Planning a trip can be as much of a pain as getting stuck on a delayed flight.
A new Web site called TripIt came to the rescue as I was planning three out-of-town weekends in a row this fall.
Despite a few minor flaws with the free service, TripIt is a wonderful, easy-to-use product that's bound to come in handy for the holiday trips ahead — whether you're visiting family in a major city or going hiking off the beaten path.
To get started, all you need to do is forward all the e-mail receipts from airlines, hotels and car-rental companies. Then you could easily add driving directions and other useful notes.
Because I was using an e-mail account TripIt didn't recognize, the service automatically generated a TripIt account and password for me the first time. That's a wonderful touch, though I later wished it didn't automatically create a second account for me because I was using a second e-mail address. I had to manually merge the two, which wasn't too difficult.
For the Boulder trip, my United Airlines flight confirmation was automatically converted into a TripIt itinerary marked Denver, for the destination airport.
TripIt pulled the relevant details such as flight times, seat number and the availability of meal service (yeah, right!). It checked industry databases for information not on the e-mail — in this case, adding the aircraft type.
A map of Denver was also automatically added, along with average weather for that day from the past 25 years. (TripIt doesn't give you forecasts because often the trip is weeks or months away.)
There were a couple of forwarded e-mails the service didn't recognize, including a confirmation from the marathon I went to Boulder to run. But the service simply set aside the item, which I could easily move to the proper itinerary.
I could add personal notes, such as how to find the shuttle to Boulder and where my friend was going to hide the apartment key. I also added details about things to do, including a visit to the house that appeared in the Robin Williams TV classic "Mork & Mindy."
Finally, I added some driving directions — to my friend's place, to the marathon start and to Mork and Mindy's house. TripIt nicely integrated the map tools powered by Google Inc.
Along the way, items get sorted by date and time. Friends and travel partners can follow along — you can give them full editing privileges or just the ability to view your trip.
I finished by printing the consolidated list to take on my trip, and I found myself consulting it several times at the airports and during my stay in Boulder. Perhaps if I had an iPhone to access the Internet on the go, I could do away with printouts completely.
I encountered a couple of glitches, many of which have since been fixed since TripIt opened to the public in September — a sign its San Francisco-based operators are working to improve the service.
But the system still assumes "a.m." unless I specify "p.m." or use a 24-hour format, and I couldn't enter a time range — such as for a daylong event I could drop by anytime.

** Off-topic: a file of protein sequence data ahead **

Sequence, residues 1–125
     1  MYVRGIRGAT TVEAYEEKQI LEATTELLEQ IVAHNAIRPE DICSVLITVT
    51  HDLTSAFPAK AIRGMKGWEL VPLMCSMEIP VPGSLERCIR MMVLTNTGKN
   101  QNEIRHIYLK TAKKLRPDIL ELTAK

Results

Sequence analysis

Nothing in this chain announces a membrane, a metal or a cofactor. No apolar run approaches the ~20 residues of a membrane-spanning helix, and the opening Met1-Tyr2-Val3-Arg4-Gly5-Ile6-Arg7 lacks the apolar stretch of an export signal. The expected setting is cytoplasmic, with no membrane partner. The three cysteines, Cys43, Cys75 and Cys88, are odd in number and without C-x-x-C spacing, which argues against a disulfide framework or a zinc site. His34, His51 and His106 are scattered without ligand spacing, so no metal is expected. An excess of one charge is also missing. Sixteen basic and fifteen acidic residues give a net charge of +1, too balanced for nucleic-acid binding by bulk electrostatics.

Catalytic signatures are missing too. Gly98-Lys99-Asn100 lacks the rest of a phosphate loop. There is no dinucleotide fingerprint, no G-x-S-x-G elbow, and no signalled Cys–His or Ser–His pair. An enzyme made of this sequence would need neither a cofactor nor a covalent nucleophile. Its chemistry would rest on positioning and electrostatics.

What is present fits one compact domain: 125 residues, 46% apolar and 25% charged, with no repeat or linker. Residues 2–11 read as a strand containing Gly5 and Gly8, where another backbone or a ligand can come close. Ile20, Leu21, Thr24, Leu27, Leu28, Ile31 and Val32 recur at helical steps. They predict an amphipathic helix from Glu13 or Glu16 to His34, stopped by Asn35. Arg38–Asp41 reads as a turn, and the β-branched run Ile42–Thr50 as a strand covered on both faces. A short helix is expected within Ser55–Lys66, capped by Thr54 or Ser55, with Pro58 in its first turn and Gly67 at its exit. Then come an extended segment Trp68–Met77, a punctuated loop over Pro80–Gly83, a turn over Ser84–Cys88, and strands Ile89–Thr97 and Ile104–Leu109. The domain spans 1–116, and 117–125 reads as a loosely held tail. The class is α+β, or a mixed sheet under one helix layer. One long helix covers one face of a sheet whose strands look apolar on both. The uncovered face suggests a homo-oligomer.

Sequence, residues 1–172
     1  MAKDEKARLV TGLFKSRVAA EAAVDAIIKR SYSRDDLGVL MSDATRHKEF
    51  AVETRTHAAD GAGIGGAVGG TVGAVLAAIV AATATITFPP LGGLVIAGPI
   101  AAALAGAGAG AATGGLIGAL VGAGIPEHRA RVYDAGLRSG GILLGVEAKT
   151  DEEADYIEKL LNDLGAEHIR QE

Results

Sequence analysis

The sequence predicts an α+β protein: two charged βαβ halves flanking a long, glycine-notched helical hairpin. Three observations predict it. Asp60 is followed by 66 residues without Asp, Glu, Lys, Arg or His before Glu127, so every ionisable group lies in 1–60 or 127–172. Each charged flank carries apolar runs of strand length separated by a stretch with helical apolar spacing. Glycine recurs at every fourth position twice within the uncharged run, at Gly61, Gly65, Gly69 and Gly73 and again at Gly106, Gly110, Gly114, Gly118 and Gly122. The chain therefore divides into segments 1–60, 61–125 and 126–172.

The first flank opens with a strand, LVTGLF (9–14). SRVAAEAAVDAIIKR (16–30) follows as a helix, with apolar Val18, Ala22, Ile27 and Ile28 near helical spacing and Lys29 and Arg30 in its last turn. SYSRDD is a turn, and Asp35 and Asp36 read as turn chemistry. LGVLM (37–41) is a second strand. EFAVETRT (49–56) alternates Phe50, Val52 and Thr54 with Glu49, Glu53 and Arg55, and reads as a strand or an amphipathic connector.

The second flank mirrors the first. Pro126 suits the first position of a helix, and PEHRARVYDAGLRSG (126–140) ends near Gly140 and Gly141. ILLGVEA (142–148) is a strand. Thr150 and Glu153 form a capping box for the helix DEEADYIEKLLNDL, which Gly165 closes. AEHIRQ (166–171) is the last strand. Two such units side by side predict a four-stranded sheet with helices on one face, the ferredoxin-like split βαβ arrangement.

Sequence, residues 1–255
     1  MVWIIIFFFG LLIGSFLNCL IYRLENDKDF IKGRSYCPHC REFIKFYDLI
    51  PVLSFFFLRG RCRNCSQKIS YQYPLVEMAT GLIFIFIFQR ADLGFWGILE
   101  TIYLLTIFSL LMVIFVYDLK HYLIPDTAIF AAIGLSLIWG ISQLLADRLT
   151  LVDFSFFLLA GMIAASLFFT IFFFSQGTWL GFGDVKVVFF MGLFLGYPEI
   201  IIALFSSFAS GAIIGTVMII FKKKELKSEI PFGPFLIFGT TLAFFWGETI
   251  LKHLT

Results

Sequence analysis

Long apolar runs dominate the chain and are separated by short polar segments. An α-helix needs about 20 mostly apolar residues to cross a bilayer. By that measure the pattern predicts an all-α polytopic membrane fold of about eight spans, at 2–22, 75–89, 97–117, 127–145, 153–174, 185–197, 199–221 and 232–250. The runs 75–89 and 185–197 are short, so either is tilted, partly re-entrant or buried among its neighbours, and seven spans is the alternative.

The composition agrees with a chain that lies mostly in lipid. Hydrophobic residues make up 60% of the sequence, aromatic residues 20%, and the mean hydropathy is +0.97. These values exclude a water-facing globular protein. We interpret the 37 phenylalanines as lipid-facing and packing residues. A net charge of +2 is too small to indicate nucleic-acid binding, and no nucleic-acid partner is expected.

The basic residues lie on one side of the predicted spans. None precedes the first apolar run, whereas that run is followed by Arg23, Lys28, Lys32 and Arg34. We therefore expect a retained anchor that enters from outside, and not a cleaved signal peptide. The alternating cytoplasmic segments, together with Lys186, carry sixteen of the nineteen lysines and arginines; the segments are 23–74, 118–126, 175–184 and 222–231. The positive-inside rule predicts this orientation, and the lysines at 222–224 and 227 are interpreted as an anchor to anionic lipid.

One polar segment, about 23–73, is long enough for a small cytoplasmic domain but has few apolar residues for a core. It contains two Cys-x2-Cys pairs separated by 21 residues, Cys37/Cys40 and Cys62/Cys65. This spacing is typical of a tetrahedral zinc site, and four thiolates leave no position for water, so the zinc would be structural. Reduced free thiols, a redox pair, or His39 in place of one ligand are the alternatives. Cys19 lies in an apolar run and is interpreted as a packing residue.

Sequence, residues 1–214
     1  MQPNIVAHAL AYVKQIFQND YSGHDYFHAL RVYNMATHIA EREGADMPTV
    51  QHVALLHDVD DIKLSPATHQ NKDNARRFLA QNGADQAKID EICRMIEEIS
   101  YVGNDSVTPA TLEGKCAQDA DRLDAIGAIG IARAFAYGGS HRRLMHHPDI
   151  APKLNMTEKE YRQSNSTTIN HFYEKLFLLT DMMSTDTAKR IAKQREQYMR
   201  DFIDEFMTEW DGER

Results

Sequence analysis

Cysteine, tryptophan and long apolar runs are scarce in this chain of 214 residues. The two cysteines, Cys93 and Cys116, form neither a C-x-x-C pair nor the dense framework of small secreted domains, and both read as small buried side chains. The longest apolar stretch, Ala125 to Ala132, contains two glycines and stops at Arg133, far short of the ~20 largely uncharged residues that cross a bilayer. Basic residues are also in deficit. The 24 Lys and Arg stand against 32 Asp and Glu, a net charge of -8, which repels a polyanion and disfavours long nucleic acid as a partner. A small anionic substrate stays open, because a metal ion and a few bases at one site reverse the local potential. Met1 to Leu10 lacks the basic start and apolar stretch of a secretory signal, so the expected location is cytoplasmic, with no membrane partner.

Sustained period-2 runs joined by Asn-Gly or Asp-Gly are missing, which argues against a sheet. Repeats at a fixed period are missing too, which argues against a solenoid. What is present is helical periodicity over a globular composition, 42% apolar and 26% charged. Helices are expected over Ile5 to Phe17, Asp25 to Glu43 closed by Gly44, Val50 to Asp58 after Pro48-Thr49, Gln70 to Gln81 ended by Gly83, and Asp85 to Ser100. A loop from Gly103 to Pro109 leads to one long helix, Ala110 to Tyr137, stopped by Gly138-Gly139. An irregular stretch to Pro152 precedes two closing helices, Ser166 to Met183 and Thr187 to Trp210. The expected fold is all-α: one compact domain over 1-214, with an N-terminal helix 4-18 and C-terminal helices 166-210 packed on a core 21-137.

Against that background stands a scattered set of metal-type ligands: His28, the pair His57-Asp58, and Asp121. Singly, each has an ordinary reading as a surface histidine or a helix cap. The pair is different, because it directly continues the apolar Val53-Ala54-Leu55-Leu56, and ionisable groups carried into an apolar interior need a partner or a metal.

These quibbles are minor, and TripIt can't be blamed for the shuttle driver getting lost in Boulder, or for me missing a spectacular view because I was too busy sending text messages.
Back in New York, I had three days before my next trip, and in just an hour or two, I was able to get my entire itinerary organized. TripIt automatically recognized my car-rental reservation made through Orbitz and flight from Continental Airlines — the seat number was missing this time, however.
I manually added trains to the airport, along with addresses and directions for various wedding events in the Napa Valley north of San Francisco. I forwarded my hotel confirmation, but because it wasn't one TripIt recognized, I had to manually move it to the itinerary.
It wouldn't be fair to blame TripIt for the congestion that delayed the plane an hour before takeoff, nor for forgetting to pack a swimsuit for Calistoga's hot springs.
That got me thinking, though: Information on the flight's on-time performance would be nice. I also could have used a packing checklist and perhaps tips on complying with ever-changing security rules.
I was getting the hang of TripIt by the third trip, to Hartford, Conn., for another marathon, and thus had time to come up with suggestions for improvement:
- After moving unrecognized confirmations to my itinerary, I had to hit "edit" to file it under the right date and time. It shouldn't be a two-step process. Just let me fill in that information when I move it.
- A feature called TripClipper lets you create TripIt notes while visiting another Web site simply by hitting a button. But the note only carries the Web address — not what's on the Web site — making it useless on a printout. And notes are limited to plain text and image attachments — I couldn't keep a Web site's layout and formatting.
But those are not reasons to avoid TripIt.
The service has since added support for trains and restaurant reservations along with ways to retrieve crucial details — like departure time — on wireless devices with e-mail. I only wish it offered a text messaging option — I promise to be more mindful of the scenery.